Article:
Research on methylnaltrexone continued in the Department of Anesthesiology and Critical Care at the University of Chicago through the 1990s.

In December 2005, Wyeth and Progenics entered into an exclusive, worldwide agreement for the joint development and commercialization of methylnaltrexone for the treatment of opioid-induced side effects, including constipation and post-operative ileus (POI), a prolonged dysfunction of the gastrointestinal (GI) tract following surgery. Under the terms of the agreement, the companies are collaborating on worldwide development. Wyeth received worldwide rights to commercialize methylnaltrexone, and Progenics retained an option to co-promote the product in the United States. Wyeth will pay Progenics royalties on worldwide sales and co-promotion fees within the United States.

Methylnaltrexone is being developed in subcutaneous and oral forms to treat opioid induced constipation (OIC).

Progenics and Wyeth are conducting two global phase 3 clinical trials in POI, targeting an NDA submission in this indication in early 2008. An oral formulation for OIC in patients with chronic pain currently is under development with an anticipated NDA submission in late 2009 or early 2010.


On April 1, 2008, Progenics and Wyeth announced that Health Canada has approved methylnaltrexone for the treatment of opioid induced constipation.[2] It was later approved by the US FDA on April 24, 2008.[3][4]


Methylnaltrexone is approved for the treatment of Opioid Induced Constipation or OIC. It is generally only to be used when ordinary laxatives have failed. Because of its mechanism of action, it will not have any effect on constipation that is not OIC.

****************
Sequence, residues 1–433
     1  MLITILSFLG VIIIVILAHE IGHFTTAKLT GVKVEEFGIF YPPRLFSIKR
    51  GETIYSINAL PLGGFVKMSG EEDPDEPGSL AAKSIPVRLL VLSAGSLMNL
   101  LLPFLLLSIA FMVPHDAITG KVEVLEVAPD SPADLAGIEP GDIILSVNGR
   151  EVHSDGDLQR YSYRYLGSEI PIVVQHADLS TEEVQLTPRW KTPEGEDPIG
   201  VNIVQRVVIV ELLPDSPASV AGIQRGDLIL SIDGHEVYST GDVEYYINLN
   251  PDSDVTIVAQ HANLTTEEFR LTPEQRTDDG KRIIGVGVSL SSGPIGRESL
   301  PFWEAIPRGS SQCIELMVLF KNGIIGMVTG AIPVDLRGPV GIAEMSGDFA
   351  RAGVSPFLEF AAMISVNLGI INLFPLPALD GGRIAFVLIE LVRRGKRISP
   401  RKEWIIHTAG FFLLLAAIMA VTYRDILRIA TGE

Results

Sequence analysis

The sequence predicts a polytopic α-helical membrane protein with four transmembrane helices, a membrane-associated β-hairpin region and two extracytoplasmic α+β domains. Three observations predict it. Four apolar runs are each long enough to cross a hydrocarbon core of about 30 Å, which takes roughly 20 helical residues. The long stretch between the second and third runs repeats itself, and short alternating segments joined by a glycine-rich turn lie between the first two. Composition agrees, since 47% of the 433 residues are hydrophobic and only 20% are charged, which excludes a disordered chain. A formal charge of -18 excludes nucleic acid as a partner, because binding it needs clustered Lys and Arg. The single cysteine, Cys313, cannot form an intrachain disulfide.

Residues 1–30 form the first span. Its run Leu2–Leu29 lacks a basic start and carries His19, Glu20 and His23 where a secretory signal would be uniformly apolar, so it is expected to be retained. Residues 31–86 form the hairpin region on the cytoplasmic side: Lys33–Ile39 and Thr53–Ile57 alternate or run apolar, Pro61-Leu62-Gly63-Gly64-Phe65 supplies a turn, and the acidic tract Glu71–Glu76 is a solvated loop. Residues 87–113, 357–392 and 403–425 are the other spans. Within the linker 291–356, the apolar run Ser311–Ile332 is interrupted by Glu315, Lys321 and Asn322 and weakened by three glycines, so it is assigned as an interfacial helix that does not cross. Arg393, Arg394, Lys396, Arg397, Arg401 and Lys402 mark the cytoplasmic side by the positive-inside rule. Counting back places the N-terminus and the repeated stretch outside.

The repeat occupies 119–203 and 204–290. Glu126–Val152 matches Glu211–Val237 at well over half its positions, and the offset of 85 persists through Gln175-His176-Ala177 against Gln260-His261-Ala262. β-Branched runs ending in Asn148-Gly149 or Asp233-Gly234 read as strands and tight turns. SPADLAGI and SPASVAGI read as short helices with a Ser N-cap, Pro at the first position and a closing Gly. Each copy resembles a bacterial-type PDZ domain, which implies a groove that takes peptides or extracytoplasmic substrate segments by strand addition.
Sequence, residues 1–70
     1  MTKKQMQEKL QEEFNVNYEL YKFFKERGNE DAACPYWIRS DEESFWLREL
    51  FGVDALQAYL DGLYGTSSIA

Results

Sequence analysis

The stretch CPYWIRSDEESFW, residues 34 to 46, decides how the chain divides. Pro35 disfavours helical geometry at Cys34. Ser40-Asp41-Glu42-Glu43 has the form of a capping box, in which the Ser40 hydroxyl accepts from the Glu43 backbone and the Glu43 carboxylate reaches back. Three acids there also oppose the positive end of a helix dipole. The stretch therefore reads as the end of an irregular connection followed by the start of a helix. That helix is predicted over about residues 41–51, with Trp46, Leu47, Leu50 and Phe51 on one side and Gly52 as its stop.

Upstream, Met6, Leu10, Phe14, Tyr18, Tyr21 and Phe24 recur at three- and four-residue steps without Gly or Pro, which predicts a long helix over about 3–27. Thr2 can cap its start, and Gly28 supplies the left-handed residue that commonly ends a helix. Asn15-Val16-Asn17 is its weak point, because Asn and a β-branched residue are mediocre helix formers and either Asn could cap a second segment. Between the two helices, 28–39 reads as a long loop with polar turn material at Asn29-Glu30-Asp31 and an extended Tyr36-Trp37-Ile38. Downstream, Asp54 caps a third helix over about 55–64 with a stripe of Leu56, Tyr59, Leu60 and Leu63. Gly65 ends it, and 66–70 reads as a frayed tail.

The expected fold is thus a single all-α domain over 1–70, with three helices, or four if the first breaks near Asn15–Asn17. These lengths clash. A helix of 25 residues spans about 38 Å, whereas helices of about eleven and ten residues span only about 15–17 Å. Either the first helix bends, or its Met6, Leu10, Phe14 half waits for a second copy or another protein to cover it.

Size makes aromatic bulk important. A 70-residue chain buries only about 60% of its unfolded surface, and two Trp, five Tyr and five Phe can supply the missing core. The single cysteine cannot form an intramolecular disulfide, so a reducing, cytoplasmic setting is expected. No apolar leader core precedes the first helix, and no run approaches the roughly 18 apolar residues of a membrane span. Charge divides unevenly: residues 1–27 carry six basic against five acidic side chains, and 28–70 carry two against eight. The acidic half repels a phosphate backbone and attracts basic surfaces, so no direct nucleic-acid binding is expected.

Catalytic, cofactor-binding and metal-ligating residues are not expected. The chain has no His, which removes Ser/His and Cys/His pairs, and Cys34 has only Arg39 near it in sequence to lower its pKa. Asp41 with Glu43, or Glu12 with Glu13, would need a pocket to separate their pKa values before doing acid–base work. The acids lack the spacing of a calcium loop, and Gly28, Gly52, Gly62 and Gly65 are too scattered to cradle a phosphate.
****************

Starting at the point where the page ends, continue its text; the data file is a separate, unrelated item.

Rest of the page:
How it works

Methylnaltrexone bromide is a selective antagonist of opioid binding at the mu-opioid receptor.
As a quaternary amine, the ability of methylnaltrexone bromide to cross the blood-brain barrier
is restricted. This allows methylnaltrexone bromide to function as a peripherally-acting
mu-opioid receptor antagonist in tissues such as the gastrointestinal tract, thereby decreasing ::the constipating effects of opioids without impacting opioid-mediated analgesic effects on the
central nervous system. [5]

In other words, methylnaltrexone binds to the same receptors in the gut, the mu-opioid receptor, that opioid analgeisic drugs bind to. This stops the opioid agonist from having its effect on those receptors in the gut, but because methylnaltrexone cannot cross into the brain, it only blocks the effects in places like the gut, thus allowing bowel motility, otherwise suppressed by opioid agonists, to proceed normally. However, analgesia mostly happens in the brain and is unaffected.